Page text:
Answered by Sidi Salman Younas
Question: A family member of mine would want to start up a small business. I plan on investing in his business. He has guaranteed me a 50% annual return on my investment for 5 years. In other words, it’s a risk-free investment. I’m guessing this is not a halal investment?
Answer: assalamu `alaykum
I pray you are well.
Stipulating a specific annual return for one of the partners of a joint enterprise is not valid.
One of the conditions for the validity of a partnership (musharaka) is that it be free from assigning a lump-sum return to any one partner, or a set percentage in proportion to his investment.
Rather, the basis of a partnership is profit-loss sharing, where a ratio of profit is determined for each partner in proportion to the actual profit accrued. Whether such a ratio of profit needs to be proportionate with the ratio of capital invested by a partner is the subject of disagreement between scholars with some stating that it must and others stating that it does not have to. However, all the scholars agree that in the case of loss, all partners shall suffer based on their ratio of investment, no less and no more.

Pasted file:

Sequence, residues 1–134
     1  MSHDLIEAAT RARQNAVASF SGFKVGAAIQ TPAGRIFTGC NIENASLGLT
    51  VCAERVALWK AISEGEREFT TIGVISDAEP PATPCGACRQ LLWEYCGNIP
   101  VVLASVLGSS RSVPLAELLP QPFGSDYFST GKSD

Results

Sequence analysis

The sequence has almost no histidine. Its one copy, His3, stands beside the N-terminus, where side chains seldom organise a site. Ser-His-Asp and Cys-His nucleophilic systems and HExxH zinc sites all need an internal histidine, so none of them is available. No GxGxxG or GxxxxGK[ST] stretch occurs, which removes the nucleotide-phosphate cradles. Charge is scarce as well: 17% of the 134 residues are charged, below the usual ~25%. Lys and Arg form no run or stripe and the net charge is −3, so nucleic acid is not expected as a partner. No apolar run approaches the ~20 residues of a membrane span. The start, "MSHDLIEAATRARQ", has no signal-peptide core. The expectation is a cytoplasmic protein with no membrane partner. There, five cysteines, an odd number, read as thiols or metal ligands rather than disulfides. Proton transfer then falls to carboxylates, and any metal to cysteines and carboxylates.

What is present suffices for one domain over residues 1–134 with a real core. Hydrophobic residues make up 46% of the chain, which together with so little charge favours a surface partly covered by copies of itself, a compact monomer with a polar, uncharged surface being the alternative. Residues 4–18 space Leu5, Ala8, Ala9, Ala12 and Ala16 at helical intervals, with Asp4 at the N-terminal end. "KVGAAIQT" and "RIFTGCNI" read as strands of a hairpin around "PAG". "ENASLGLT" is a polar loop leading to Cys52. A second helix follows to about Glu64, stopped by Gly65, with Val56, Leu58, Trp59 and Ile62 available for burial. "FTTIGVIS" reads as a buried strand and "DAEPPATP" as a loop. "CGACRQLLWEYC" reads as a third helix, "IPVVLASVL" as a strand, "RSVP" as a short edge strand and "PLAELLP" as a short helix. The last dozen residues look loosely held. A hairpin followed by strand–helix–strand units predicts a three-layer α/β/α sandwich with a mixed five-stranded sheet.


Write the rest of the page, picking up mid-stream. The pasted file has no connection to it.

As such, it would be necessary for you to alter your agreement with your family member by stipulating a ratio of profit in proportion to the actual profit that the business will accrue.
[Taqi Usmani, introduction to Islamic Finance]
Checked & Approved by Faraz Rabbani